Can polar bears and narwhals cling on as the ice shrinks?
As part of the Journal of Experimental Biology's Special Issue dedicated to climate change, Anthony Pagano (San Diego Zoo Global, USA) and Terrie Williams (University of California, Santa Cruz, USA), discuss the impact of environmental change on two iconic polar species; the polar bear and narwhal. Their review article is published in Journal of Experimental Biology.
Mammals in the Polar Regions face an uncertain future as unprecedented warming drives catastrophic sea ice loss, driving polar bears onto land, after losing access to sea ice and the highly calorific seals upon which they feed, forcing the animals to depend on lower calorie diets. The scientists say, "A polar bear would need to consume approximately 1.5 caribou, 37 Arctic char, 74 snow geese, 216 snow goose eggs (i.e.54 nests with 4 eggs per clutch) or 3 million crowberries to equal the digestible energy available in the blubber of one adult ringed seal." They add, "Few resources exist on land within the polar bears' range that could compensate for declines in seal feeding opportunities."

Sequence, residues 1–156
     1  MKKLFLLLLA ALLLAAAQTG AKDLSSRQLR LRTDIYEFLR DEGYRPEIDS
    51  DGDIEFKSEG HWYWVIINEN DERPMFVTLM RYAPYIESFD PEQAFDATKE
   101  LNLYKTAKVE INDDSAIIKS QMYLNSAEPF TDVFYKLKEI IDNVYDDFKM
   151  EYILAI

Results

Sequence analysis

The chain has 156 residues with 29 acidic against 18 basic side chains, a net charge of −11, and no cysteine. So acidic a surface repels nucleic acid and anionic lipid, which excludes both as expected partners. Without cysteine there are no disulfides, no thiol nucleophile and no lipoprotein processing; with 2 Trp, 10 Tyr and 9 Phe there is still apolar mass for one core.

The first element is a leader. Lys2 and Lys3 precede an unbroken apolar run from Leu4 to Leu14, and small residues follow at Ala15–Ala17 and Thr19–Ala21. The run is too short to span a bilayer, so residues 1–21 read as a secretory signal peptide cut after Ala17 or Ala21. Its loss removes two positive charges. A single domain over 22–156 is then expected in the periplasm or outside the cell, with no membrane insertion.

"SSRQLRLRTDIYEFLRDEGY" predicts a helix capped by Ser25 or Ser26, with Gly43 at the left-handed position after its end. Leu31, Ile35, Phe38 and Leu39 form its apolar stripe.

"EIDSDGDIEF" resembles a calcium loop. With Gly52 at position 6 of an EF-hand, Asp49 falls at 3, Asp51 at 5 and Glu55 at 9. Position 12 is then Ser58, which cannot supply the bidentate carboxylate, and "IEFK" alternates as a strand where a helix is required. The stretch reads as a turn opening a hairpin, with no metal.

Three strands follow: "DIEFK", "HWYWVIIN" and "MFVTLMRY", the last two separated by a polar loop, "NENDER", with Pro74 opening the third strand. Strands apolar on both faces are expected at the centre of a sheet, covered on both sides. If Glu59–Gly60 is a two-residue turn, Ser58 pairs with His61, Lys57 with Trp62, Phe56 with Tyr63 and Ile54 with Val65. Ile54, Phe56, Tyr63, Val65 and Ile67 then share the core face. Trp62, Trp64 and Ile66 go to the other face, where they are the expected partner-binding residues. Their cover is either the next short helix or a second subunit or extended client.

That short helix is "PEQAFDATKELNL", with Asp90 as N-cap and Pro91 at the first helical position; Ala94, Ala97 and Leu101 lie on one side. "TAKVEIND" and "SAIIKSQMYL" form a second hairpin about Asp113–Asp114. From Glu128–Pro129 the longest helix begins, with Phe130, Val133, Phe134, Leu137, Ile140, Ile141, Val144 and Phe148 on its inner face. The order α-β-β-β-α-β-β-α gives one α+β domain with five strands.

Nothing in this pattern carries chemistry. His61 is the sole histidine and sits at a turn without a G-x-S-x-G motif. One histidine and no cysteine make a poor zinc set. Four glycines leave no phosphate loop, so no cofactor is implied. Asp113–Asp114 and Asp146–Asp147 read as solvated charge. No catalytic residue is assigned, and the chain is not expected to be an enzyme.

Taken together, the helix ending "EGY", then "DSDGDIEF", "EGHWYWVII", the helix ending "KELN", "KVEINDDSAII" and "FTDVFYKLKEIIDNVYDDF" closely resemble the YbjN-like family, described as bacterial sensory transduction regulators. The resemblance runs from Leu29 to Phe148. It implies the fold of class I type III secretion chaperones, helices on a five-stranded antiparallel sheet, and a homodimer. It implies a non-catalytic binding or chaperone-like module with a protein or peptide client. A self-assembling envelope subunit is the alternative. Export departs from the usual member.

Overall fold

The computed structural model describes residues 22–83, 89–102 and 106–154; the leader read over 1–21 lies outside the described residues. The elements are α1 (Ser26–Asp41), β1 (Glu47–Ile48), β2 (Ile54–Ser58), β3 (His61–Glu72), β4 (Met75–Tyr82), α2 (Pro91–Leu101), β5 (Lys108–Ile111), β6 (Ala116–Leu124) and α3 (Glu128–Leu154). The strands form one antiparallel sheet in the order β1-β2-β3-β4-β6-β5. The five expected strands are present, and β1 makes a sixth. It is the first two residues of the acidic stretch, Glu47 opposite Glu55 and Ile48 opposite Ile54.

Pagano and Williams have measured the energetic cost of movement for narwhals and polar bears and found that major ice loss translated into elevated locomotor that are 3- to 4-fold greater than expected when sea ice cover is normal. This increase in energy consumption, coupled with the loss of access to the polar bear's main food source leaves them particularly vulnerable to starvation.
The scientists also consider how the high costs of diving for narwhals, coupled with the loss of reliable breathing holes upon which they depend, due to unpredictable sea ice shifts, have led to the mammals becoming trapped beneath the ice. The narwhal's slow swimming paces also leaves them vulnerable to attacks by killer whales open water.
The scientists warn that the decline of both apex predators will 'lead to rapid changes in the Arctic marine ecosystem."